Collectors' eyes smile as Bonhams embraces collectible Irish art

paulfrasercollectibles

2015-06-26 12:18:35

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Collectors' eyes smile as Bonhams embraces collectible Irish art

While St Patrick's Day celebrations take hold, we look at the growing appreciation for Irish art

As Irishmen and their friends the world over don Guinness hats, wave shamrocks and dust off their Pogues Greatest Hits albums, here at Paul Fraser Collectibles we're staying sober to bring you all the latest collectibles news on St Patrick's Day.

And just as being Irish is not a prerequisite for taking part in the St Paddy's day celebrations, nor must you be from the Emerald Isle to appreciate Irish art.

London-based auctioneer Bonhams has recognised the growing global appreciation for Irish painters, so much so that it has recently established its own Irish art department and introduced an annual auction.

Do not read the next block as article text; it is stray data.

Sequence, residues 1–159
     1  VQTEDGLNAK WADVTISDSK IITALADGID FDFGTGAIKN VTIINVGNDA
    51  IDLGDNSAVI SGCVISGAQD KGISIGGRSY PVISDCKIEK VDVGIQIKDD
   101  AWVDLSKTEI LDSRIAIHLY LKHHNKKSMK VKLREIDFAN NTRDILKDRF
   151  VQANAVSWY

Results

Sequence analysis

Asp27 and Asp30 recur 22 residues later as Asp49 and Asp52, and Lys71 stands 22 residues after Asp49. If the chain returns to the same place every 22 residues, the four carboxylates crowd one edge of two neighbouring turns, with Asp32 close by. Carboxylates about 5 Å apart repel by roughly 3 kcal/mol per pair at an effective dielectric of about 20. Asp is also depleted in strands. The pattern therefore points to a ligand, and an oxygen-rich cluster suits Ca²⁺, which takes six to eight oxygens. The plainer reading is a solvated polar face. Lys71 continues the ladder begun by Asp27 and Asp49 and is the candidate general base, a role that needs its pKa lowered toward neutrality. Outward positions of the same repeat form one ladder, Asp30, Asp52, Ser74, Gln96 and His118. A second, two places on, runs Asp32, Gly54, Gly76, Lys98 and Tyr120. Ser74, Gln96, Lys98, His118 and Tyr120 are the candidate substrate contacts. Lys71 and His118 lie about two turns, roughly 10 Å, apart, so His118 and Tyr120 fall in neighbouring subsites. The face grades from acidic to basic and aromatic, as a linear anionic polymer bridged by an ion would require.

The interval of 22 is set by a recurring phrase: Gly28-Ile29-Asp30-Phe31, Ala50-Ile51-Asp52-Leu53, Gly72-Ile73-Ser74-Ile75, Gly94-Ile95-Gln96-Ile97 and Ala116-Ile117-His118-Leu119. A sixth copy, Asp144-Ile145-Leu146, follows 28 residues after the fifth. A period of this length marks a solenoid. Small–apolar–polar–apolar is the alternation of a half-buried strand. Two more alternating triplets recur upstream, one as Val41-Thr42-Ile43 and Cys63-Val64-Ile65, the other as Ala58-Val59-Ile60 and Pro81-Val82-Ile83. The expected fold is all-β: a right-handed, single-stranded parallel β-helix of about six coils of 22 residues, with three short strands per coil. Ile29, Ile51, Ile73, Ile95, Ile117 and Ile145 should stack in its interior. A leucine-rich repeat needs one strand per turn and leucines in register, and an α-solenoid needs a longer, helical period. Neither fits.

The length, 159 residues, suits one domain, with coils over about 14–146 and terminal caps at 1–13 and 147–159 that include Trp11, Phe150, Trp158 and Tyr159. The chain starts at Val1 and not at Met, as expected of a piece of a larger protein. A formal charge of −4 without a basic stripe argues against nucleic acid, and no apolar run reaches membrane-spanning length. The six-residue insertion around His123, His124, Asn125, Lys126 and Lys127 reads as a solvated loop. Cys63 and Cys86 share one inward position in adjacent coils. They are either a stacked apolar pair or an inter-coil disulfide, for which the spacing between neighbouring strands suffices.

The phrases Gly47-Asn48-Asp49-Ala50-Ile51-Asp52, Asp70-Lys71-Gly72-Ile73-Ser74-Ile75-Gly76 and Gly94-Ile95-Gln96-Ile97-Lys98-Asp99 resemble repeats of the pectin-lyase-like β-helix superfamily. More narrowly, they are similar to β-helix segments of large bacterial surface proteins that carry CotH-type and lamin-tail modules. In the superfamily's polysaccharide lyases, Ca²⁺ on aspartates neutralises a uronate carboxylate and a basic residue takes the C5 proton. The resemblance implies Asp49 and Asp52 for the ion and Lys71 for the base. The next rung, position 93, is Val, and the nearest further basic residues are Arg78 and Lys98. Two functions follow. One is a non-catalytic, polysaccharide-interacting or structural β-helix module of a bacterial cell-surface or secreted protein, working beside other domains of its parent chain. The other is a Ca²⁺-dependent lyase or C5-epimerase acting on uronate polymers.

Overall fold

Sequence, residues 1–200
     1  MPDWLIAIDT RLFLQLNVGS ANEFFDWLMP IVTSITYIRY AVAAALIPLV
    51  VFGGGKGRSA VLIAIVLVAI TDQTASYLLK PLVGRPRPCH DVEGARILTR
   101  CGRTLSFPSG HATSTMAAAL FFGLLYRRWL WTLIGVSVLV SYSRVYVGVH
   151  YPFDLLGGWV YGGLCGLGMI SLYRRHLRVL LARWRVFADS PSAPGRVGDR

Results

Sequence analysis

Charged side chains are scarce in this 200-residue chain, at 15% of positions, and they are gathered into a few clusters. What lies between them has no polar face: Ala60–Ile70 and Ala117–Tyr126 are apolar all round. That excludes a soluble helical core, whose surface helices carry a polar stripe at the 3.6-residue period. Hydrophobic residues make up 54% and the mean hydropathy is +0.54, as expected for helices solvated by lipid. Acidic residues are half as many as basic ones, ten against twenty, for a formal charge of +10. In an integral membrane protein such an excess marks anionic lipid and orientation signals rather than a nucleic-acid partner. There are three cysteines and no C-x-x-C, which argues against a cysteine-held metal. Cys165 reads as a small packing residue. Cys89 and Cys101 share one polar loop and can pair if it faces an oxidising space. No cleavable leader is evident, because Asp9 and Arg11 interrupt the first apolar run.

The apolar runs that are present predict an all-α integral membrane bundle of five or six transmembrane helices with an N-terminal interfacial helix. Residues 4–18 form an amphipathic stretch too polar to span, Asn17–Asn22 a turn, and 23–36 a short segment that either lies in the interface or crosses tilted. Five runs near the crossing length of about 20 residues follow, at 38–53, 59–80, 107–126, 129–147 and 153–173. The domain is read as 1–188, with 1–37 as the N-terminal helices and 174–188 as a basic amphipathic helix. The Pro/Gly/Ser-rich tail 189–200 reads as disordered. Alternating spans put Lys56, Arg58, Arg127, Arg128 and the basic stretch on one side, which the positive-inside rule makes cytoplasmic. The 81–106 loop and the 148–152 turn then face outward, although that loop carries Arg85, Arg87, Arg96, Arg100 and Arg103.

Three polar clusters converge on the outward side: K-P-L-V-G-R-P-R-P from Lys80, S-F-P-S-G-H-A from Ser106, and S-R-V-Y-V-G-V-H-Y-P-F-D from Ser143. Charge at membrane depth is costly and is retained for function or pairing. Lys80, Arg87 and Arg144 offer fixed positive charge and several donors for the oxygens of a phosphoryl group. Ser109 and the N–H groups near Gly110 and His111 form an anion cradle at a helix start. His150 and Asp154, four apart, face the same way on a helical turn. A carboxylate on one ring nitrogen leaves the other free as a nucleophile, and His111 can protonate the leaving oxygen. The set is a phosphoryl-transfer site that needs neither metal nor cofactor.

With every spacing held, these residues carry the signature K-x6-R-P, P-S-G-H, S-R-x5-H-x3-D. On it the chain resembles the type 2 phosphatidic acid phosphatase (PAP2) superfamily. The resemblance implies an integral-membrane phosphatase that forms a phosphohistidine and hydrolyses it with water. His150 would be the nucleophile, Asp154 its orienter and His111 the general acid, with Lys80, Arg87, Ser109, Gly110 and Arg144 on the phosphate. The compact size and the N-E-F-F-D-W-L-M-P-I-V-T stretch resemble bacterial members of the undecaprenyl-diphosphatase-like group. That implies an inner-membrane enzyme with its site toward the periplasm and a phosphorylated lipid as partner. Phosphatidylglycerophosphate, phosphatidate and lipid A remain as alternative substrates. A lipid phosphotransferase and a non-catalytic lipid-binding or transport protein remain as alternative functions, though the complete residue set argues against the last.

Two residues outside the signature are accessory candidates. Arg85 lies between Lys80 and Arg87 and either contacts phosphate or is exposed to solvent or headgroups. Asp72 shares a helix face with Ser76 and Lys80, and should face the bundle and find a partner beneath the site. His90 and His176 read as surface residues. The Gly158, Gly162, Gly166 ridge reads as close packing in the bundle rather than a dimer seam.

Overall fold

Matthew Girling, Bonhams CEO for Europe and the Middle East, said: "Irish art at Bonhams has a distinguished track record so I am delighted that we will now have our own dedicated Irish art department to celebrate the work of leading Irish artists."

The first sale took place last month, where Frank McKelvey's 1933 A Sunlit Farmyard sold for 18,000. The beautiful work depicts Kate Freeburns Cottage near Bessborough, County Down. During his career McKelvey was widely considered on a level with Paul Henry and James Humbert Craig, two of the most successful Irish landscape artists.

McKelveys 1933 A Sunlit Farmyard sold for 18,000 in February

Blast of Music, a more recent work by John B Vallely, sold for 13,800 at the same auction. It too could make another nice investment. Vallely is a popular artist with a fine pedigree. In 1968, the Irish Times called him as "one of the more exciting Irish painters under the age of thirty".

The message is clear: invest in Irish art and you could find yourself luckier than an Irishman in a field of four leaf clovers.

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